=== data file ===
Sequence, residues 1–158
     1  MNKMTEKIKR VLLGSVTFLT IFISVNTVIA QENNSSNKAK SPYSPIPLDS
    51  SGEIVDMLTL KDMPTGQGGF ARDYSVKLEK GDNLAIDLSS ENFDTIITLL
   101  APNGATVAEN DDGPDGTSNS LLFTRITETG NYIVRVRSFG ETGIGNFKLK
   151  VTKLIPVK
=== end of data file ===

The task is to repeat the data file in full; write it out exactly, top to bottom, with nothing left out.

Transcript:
Sequence, residues 1–158
     1  MNKMTEKIKR VLLGSVTFLT IFISVNTVIA QENNSSNKAK SPYSPIPLDS
    51  SGEIVDMLTL KDMPTGQGGF ARDYSVKLEK GDNLAIDLSS ENFDTIITLL
   101  APNGATVAEN DDGPDGTSNS LLFTRITETG NYIVRVRSFG ETGIGNFKLK
   151  VTKLIPVK